icon_facebook   icon_twitter   icon_youtube   icon_yelp


How Important is Developing a “Personal Style” at Early Stages?

In the olden days, when young artists were apprenticed to a master, they probably were not overly concerned with developing a personal, “signature” style –– at least at early stages. We can easily imagine students hard at work to develop their skills, without much thought to cultivating a personal style; the primary thing was to be able to draw and paint, first! Later, after the basic skills were mastered, they would undoubtedly become aware that their own handling of the material resulted in a certain kind of mark making, palette, subject matter, and way of approaching that subject matter. This seems like the natural way of approaching the issue; first just learning to draw and paint, then giving more concern to issues related to style.

Jan van der Straet (Stradanus) Depiction of an artist's studio

Nowadays, however, a lot of teachers put emphasis on personal style, at a very early stage. It is easy to see why this is: modern art shot off in a different direction, about 130 years ago, with the work of the Post-Impressionists. Perhaps for the first time, artists started searching for highly personal ways of making art –– ways that not only broke with tradition, as the Impressionists had, but even broke with styles of their contemporaries in a way that was far more extreme than anything that had come before. Compare, for instance, the difference between a Renoir and a Monet; yes they are different, and we can appreciate those differences and talk about them. The Renoir’s brush seems lighter, more wispy; he blends the colors together more than Monet. Monet’s paint application is thicker, with more unblended dabs –– an anticipation of the pointillism. And yet, despite the differences between Renoir and Monet, they still have more in common than they have in difference: they both paint with a loose brush, both deal with nature as subject matter, and are concerned with creating a sense of the fleeting impressions of light.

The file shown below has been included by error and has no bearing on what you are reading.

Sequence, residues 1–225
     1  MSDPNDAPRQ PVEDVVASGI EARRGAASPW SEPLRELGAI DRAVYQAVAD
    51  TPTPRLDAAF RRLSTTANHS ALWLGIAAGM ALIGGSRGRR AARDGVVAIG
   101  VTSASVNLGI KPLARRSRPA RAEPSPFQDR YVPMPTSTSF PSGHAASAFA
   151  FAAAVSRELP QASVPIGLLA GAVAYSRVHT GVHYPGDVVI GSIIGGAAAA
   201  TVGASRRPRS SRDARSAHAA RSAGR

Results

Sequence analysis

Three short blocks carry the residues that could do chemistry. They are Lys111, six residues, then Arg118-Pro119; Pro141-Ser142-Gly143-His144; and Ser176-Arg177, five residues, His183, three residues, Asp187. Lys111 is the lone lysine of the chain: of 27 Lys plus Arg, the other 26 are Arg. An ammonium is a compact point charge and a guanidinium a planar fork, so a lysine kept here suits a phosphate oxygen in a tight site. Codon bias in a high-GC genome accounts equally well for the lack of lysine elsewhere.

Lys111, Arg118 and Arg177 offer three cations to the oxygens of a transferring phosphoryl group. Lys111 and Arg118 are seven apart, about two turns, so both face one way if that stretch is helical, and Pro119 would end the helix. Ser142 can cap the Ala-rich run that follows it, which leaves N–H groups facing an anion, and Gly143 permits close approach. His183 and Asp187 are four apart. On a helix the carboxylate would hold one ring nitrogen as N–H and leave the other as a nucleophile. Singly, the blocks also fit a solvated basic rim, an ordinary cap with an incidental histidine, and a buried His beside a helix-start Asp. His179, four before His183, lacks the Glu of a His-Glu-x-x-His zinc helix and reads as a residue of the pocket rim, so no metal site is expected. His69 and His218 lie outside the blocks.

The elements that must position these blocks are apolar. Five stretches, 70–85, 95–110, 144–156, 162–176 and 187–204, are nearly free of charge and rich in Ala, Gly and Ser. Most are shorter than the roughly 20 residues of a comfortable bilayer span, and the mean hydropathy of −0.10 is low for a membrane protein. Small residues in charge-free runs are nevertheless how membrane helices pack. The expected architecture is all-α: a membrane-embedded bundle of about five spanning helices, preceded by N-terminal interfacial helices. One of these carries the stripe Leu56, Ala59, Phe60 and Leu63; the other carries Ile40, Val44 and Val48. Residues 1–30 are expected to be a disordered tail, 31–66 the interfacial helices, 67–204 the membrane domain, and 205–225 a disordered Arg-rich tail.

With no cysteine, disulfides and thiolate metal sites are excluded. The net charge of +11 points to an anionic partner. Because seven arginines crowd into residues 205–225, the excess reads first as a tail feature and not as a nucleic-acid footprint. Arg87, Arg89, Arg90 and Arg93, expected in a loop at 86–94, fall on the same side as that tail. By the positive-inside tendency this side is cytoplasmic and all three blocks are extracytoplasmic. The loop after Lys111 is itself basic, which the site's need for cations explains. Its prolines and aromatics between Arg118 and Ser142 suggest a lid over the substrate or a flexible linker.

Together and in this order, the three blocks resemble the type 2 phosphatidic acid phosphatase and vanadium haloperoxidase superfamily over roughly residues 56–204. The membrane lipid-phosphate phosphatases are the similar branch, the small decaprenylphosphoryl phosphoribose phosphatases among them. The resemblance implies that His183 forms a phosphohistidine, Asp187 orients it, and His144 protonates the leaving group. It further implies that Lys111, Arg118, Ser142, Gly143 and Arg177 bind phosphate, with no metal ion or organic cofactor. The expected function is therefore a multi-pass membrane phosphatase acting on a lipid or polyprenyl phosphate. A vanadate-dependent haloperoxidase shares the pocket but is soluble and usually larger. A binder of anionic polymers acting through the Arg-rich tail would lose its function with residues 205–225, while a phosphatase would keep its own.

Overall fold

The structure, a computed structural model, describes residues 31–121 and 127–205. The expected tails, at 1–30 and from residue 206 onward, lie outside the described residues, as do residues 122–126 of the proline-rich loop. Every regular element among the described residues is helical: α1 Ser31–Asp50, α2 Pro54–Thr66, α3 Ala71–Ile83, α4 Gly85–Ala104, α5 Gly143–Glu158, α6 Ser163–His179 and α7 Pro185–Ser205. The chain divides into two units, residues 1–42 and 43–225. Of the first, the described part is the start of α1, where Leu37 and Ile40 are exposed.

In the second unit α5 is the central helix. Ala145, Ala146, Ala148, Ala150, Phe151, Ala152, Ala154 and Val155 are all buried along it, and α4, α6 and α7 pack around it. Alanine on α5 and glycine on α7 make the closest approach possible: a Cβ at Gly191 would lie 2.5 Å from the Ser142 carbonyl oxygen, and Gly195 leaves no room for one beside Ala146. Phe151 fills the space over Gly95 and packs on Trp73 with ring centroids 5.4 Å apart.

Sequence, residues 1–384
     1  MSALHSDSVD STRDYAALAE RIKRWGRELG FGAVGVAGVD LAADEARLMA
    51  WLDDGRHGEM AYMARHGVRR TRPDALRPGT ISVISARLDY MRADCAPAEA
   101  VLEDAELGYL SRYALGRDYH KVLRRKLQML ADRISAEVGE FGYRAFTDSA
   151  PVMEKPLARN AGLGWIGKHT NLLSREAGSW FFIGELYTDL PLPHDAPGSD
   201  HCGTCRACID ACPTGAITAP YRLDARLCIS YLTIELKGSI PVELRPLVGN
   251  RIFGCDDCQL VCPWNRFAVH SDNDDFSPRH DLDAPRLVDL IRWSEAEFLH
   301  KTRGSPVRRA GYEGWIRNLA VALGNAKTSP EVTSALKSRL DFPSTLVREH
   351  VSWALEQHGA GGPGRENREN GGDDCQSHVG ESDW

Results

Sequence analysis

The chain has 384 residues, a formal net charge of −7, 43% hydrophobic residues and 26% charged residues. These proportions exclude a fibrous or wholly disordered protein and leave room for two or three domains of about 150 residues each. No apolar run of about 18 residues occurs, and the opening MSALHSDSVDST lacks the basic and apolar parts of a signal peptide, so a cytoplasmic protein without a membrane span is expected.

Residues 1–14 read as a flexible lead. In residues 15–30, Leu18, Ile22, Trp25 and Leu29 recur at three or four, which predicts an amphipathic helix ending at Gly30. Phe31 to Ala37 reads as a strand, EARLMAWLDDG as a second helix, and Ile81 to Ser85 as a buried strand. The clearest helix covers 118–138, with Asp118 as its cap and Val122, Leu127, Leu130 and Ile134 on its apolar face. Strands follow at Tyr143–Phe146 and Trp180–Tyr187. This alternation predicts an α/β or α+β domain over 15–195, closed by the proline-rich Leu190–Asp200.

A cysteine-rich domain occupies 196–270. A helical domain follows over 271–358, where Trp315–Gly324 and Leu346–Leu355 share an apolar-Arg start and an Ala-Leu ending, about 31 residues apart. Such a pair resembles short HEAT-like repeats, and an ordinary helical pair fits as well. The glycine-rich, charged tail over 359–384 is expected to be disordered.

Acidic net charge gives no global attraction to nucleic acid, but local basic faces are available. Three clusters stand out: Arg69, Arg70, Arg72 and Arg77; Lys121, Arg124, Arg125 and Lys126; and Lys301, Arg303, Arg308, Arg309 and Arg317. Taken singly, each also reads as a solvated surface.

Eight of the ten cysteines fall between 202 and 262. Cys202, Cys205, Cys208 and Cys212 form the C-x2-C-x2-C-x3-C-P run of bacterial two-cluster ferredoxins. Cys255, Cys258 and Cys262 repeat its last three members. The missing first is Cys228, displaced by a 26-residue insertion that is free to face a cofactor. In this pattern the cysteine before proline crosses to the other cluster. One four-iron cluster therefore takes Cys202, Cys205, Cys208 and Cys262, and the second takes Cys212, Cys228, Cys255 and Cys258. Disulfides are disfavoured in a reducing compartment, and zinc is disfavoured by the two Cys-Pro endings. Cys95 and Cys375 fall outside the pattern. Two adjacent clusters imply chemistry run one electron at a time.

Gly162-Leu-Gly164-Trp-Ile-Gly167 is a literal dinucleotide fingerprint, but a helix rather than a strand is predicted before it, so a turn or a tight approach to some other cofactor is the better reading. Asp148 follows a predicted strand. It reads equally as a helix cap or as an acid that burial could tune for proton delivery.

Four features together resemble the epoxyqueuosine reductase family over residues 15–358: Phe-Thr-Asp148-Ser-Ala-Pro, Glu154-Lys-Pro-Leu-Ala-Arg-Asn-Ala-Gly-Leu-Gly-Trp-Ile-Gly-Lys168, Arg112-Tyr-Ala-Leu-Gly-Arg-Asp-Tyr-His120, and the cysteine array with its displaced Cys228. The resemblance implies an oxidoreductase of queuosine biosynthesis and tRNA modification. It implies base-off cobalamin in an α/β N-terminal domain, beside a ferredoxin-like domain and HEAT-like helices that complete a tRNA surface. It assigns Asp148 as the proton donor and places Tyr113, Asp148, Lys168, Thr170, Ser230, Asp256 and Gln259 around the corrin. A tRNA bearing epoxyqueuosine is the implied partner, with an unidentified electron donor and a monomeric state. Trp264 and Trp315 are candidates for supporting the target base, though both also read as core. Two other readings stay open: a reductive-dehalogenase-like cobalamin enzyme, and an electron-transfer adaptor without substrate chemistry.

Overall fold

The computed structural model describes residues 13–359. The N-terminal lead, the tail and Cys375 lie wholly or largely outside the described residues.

Now compare the differences between these Post-impressionist artists, as seen in these images by Toulouse Lautrec, Vincent Van Gogh, and Paul Signac. Their ways of handling the paint are more diverse, as are their subjects, palettes, and compositional devices.




And this trend towards the highly personal style has only increased during the last century. Certainly, it is fun and interesting to see works of art that show us such diverse and unique approaches to painting. It is also fun to explore the freedom open to us today, while we develop a personal style. On the other side, though, if too much emphasis is placed on this, at early stages of a student’s art education, then the student may feel a lot of pressure to be highly unique and original, instead of just enjoying the process of art-making for its own sake, in a way that comes natural to them. We shouldn’t make our students feel self-conscious by imposing this sort of preoccupation, early on. A good teacher might take notice if a student shows a natural propensity towards a particular kind of mark-making, and encourage them to explore it consciously. This sort of natural growth is always better than a forced, artificial effort to be “unique”, and it is –– at any rate –– the inevitable outcome of any protracted engagement with an art education. If such apparent “uniqueness” is missing at early stages, it will assert itself at later stages. Continuity in practice is all that is needed –– and all that requires is loving the process of learning.